Dynasty Buy/Sell/Hold: AFC West

Eric Hardter

We are nearing the crescendo of the NFL off-season. As such, the window for making final roster adjustments is drawing to a close, with the obtainment of actionable game information just over the horizon in September. Put another way, it would not be unreasonable to assert player values are less likely to fluctuate over the next couple of months (pending injuries) as compared to when the regular season is in full force.

In that spirit, I’ve selected players to buy, sell and hold for all 32 NFL teams. This miniseries will be broken down by division, with 12 players highlighted per article and 96 overall. In a 12-team league with 20 roster spots (similar to the DLF ADP), that accounts for 40% of the players!

Before we dive in, a few notes and disclaimers:

  • Player values were obtained from the combination of the most current ADP (pending the lead time necessary for authorship), and the DLF top-250 rankings;
  • The league paradigm is assumed to be PPR and 1QB (players in superflex and/or 2QB leagues would likely have some divergence from those I’ve selected);
  • Opinions on players are my own and do not represent all of DLF; and finally,
  • Exact player values are always going to be dependent on individual leagues and owners, and may not be consistent with the assertions provided herein.

With that said, let’s continue with the AFC West! Players will be profiled individually, with a tabulated summary of all 12 provided at the article’s conclusion.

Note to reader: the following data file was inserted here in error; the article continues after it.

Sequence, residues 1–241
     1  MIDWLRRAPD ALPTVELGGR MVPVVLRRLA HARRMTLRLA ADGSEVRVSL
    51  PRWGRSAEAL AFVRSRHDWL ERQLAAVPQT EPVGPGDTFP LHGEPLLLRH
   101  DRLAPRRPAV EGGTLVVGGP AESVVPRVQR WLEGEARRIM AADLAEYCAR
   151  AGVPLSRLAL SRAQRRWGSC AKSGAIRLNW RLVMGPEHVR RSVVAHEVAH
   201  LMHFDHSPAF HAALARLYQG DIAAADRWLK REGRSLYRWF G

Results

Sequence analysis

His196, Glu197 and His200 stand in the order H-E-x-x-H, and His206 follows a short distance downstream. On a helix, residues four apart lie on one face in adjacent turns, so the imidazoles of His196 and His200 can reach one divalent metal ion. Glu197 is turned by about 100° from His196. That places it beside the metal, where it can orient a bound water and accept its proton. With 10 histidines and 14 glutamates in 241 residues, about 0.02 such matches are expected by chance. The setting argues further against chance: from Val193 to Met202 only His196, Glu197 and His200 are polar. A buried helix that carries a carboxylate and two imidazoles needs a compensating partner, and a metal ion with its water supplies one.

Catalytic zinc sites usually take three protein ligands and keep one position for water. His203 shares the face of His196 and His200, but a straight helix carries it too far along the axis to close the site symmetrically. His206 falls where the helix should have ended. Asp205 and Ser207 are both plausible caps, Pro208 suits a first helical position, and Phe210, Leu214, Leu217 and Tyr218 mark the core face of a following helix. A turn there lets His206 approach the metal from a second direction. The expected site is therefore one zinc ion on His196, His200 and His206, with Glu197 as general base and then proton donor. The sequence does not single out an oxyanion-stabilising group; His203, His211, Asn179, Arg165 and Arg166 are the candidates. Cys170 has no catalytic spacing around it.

Denver Broncos

Buy: Jerry Jeudy, WR (ADP = 50.5, Rank = 53.3)

Jeudy’s raw stats aren’t going to overwhelm you, considering his best season resulted in a 67-972-6 line. However, some context is necessary. As a rookie, Jeudy compiled a fine line of 56-872-3 while earning 20 more targets than the next closest player (tight end Noah Fant). While his raw numbers were inefficient, it’s prudent to note that as a team the Broncos had the sixth-fewest completions, seventh-fewest passing yards and eighth-fewest passing scores, while only completing an almost incomprehensible 57.0% of their passes (only Philadelphia was worse).

In 2021, Jeudy came out of the gates hot, corralling six receptions (seven targets) for 72 yards in roughly one half of work, only to then succumb to a high ankle sprain. He gamely attempted to play in the season’s second contest, only to leave early and ultimately miss six games on IR. It was fair to wonder if he ever got quite right, as he was only able to clear 70 yards one more time on what was again a below-average (though slightly improved) offense. The 2022 Russell Wilson experience surprisingly led to another suboptimal team output, though Jeudy once again led the team in receptions, yards and receiving scores.

Have Jeudy’s to-date returns been somewhat disappointing? Sure, given where he was drafted. But while he hasn’t transcended his team’s poor play under center, the fact is he’s been the best receiver over the past three years. With Sean Payton coming in to clean things up, and with Jeudy still only 24 years old entering his fourth season, I’d happily invest at the price of a WR3.

Sell: Courtland Sutton, WR (ADP = 109.7, Rank = 96.4)

While context may have helped with Jeudy’s valuation, it does the opposite with Sutton, as what had the initial look of an ascending trajectory was derailed by a 2020 torn ACL. Since then, and despite staying largely healthy, the soon-to-be sixth-year receiver has only managed to compile 1,605 yards over his past 32 games. Not terribly fast or explosive to begin with (Sutton had below-average marks in the 40-yard dash and vertical jump), it’s fair to wonder if the injury sapped away the veteran’s remaining athleticism, given the fact that Sutton’s separation and contested catch rate both stood at 69th best in the league in 2022.